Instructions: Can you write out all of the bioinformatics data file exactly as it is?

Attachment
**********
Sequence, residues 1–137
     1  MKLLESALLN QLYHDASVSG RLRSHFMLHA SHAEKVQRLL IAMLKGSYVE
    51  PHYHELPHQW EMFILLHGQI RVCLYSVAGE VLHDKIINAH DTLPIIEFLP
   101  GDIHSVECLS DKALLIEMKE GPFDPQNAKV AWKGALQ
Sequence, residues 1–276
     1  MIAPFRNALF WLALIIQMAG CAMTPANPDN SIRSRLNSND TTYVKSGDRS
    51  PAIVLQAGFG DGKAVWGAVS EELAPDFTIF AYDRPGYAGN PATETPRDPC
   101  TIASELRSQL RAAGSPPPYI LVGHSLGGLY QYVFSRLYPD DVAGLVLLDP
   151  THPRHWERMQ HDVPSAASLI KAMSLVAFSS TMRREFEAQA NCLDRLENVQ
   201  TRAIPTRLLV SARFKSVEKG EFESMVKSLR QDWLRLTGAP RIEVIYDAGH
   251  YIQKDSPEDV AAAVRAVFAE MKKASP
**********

Sequence, residues 1–137
     1  MKLLESALLN QLYHDASVSG RLRSHFMLHA SHAEKVQRLL IAMLKGSYVE
    51  PHYHELPHQW EMFILLHGQI RVCLYSVAGE VLHDKIINAH DTLPIIEFLP
   101  GDIHSVECLS DKALLIEMKE GPFDPQNAKV AWKGALQ
Sequence, residues 1–276
     1  MIAPFRNALF WLALIIQMAG CAMTPANPDN SIRSRLNSND TTYVKSGDRS
    51  PAIVLQAGFG DGKAVWGAVS EELAPDFTIF AYDRPGYAGN PATETPRDPC
   101  TIASELRSQL RAAGSPPPYI LVGHSLGGLY QYVFSRLYPD DVAGLVLLDP
   151  THPRHWERMQ HDVPSAASLI KAMSLVAFSS TMRREFEAQA NCLDRLENVQ
   201  TRAIPTRLLV SARFKSVEKG EFESMVKSLR QDWLRLTGAP RIEVIYDAGH
   251  YIQKDSPEDV AAAVRAVFAE MKKASP